Saturday, November 30, 2013


Obama's speech script

No one can really teach writing.  One “evokes” it.  One is a “writing-caller.”  One doesn’t say,  “do it this way” but rather considers possibilities.  The criterion that matters is NOT correctness but rather what it -- in turn -- calls out of the reader.  It could be dismay.  It might be admiration.  Maybe undying love.

I like to mix languages, which is a little risky, but most of my early vocabulary came from reading and puzzling out the meaning via context.  I pronounced words in peculiar ways. I wasn’t always old enough with enough knowledge to understand.  Anya Seton  (Ernest Thompson Seton’s daughter) wrote historical novels about mad passionate love affairs that were read in a social atmosphere that would never tolerate the kind of explicit stuff that’s in my ladylike cousins’ beloved historical time-traveler novel series, "Highlander".  (The author is a biologist and uses her knowledge!)  So Seton had to do a bit of metaphorical suggesting:  the hero carries off his red-headed prize to the bed-chamber.  The next morning she has strange red marks on her breasts.  I figured they were bed bug bites.  Castles are so unsanitary.

The real secret to writing is that it’s not about the words:  it’s about the thinking and envisioning and sort of mental diagramming that comes ahead of time, accumulating until it really NEEDS to come out.  It’s the “foreplay.”  It’s the teasing.  It’s the engaging with the subject matter.  And always keeping an eye out for the voyeur who is trying to understand -- you can make it tough for them or easy for them.  Depends on the audience.  The audience -- maybe an invented one -- shouldn’t have control, but on the other hand, a really good reader can pull things up through the writer that were always spooled in his or her guts, waiting for the right understander.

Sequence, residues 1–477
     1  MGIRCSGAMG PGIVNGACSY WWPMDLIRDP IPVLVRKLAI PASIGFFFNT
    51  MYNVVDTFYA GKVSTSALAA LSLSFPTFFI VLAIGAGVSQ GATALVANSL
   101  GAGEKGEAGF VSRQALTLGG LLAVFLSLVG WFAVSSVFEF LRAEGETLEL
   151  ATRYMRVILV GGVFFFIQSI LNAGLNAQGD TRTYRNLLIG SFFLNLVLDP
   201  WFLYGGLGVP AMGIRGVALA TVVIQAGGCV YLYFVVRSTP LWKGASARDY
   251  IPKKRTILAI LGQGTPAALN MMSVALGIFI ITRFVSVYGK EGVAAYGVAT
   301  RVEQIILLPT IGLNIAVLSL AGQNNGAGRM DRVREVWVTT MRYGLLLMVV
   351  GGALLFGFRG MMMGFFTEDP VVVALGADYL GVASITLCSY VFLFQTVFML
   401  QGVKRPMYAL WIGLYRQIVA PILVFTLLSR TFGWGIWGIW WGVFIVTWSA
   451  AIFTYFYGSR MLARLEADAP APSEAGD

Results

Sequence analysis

Grammar is only a tool.  Few kids old enough to attend any level of school have NOT internalized the basics or we couldn’t understand them.  Nouns are names, verbs are actions -- that’s the coupling that everything else revolves around.  Adjectives stick to the fronts of nouns in English, the backs of nouns in other languages.  Adverbs can go anyplace.  Move ‘em around -- see what happens.  Phrases and clauses obey the same rules.  Memorize the prepositions -- it’s sort of fun.   

Because of working on the computer instead of the typewriter, I bold all the names of people the first time I use them in a post, because I know that some people will be wanting to google the name or check it some other way and it will be easier for their eye to find again if it’s bold.  I italicize titles for something like the same reason.  But I also like to use it to separate fact from fiction, thoughts and quotes, like that.  All tools.  Underlining, colored fonts.  I would love to have a computer tool that would let me insert automatically triggered music -- I know it exists: I just don’t want to take the time and money to find it and learn it.  I’m a lazy writer in some ways.  I just link.  But then I could go cross-media.

Publishing is nothing but a capital investment in writing, backed up with an advertising and distributing mechanism.  It’s just money.  The idea that publishing is an indicator of worthiness is dead now.  Only in the “sticks” like around here do people knee-jerk say,  “Oh, you write?  Well, are you published?”  They mean,  “Is it safe for me to admire?”